The sick boi squad rolled out early in the morning, taking the subway to get to the Tianzifang market, an area in the former French concessions with narrow streets and countless storefronts. It was very cool to see the skyscrapers of the city rising in the distance, framed by the low European architecture.
Lilliana told us that we probably wouldn’t be able to haggle here like we would in the Beijing markets, but Ryan was able to cut the price by a third in every store he walked into. The market was home to the typical tourist shops selling chopsticks and fans, but also high end jewellry, modern fashion, and juice bars. Not to mention a terrifying mannequin, a golden Spongebob, and an entire cafe dedicated to Peppa Pig:
For lunch we ate at an Italian restaurant in the market, ordering Hawaiian pizza. It was something that felt very American, but it served as a nice break from Asian cuisine.
Following the market, we traveled to the center of Pudong, Shanghai’s financial district. This eastern side of the Huangpu River was decidedly more modern than the rest of the city, and skyscrapers towered overhead. This area was home to all of the buildings that made the Shanghai skyline so iconic, the Oriental Pearl Tower, the Shanghai Tower, and the “Bottle Opener”.
We then went to the Shanghai Tower, the second tallest building in the world. In the basement was the elevator that would take us to the building’s observation deck, as well as a number of displays about the tallest buildings in the world over the course of history. It also explained some of the buildings civil engineering feats. The building is actually comprised of two layers, and outer glass shell and the actual structure of the building, separated by open air. The building also twists 120 degrees as it rises in order to reduce strain caused by high winds at altitude. The building boasts not only the highest observation deck in the world, but also the fastest elevator, traveling 118 floors in less than a minute (22mph!).
From the observation deck it was apparent just how dense Shanghai was. The urban parts of the city had nearly eight times as many people per square kilometer as Beijing. From so high up we were able to see high rise apartment buildings with blue and red roofs stretching as far as the smog would let us see. Being able to look down on the Huangpu River and some of the tallest buildings Shanghai had to offer was also an incredibly unique experience.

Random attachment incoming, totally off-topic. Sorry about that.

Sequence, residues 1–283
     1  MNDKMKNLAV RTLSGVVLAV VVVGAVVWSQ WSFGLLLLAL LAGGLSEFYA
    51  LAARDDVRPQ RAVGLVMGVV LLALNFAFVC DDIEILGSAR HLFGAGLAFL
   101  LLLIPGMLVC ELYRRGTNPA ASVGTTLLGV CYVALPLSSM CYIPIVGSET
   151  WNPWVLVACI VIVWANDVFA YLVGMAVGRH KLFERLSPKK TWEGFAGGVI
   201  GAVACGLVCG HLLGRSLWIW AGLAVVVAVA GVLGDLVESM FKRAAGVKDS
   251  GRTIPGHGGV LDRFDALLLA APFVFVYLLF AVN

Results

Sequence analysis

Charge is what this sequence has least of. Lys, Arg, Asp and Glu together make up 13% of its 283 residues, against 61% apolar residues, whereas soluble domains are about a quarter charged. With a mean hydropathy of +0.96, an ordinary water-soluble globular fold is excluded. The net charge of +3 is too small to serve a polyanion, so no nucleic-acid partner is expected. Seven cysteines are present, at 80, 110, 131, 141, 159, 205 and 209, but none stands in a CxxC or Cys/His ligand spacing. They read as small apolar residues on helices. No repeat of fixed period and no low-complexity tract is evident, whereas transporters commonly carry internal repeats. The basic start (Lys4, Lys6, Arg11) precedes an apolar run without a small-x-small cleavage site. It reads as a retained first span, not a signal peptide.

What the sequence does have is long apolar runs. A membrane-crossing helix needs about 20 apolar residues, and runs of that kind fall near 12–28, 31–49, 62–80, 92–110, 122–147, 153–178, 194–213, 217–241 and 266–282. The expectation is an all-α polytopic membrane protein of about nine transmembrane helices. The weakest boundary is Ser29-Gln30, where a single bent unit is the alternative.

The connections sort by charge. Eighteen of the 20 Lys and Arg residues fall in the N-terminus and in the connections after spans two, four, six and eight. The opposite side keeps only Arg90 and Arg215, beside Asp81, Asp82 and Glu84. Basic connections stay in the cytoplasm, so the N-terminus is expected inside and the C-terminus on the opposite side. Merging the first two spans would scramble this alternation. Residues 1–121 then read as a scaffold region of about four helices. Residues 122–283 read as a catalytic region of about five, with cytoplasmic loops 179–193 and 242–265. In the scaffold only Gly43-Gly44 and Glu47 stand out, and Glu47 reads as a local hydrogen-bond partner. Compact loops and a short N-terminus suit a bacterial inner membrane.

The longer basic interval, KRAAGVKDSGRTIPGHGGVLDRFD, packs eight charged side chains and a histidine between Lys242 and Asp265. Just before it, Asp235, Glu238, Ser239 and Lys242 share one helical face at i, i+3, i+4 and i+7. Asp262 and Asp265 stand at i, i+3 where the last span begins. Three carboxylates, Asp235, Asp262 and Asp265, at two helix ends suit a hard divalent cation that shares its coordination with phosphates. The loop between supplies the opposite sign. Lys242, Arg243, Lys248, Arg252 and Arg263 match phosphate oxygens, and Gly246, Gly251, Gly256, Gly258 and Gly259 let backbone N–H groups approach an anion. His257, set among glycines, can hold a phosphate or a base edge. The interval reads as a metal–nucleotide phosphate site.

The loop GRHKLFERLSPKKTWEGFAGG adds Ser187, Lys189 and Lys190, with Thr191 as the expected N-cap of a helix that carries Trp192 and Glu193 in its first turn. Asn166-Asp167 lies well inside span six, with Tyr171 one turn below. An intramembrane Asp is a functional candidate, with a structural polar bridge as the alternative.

After our visit to the Shanghai Center, we had some time to burn before we would be meeting up with the rest of the Plus3 group that we left in Beijing. We stopped at a mall and I saw that the Toys R’ Us in the mall spanned two floors and was fully stocked, a surprise considering the recent news of their bankruptcy in the United States. I also saw stores selling Jeep and CAT clothing lines, something that I didn’t know existed.
We met the rest of the group at the base of the Oriental Pearl Tower, and after a happy reunion, moved into the mall situated at the tower’s base. There we walked through a history museum detailing every part of Shanghai’s history. It was fascinating to see how much the city had been changed by different European powers that had carved out spheres of influence within the port city. They brought Western culture in the form of fashion, architecture, and financial trade. Chinese culture still persisted in many forms, including the Chinese opera and the practice of binding women’s feet. The real development of Shanghai actually came in the last 40 years or so, where the Pudong was transformed from rice paddies to the towering financial buildings you see today.
Following dinner we were treated to an incredible nighttime cruise of the Huangpu River, offering great views of both sides of the city. The lights of the city were colorful and brilliant, something that can only come with from the modern metropolitan that is Shanghai.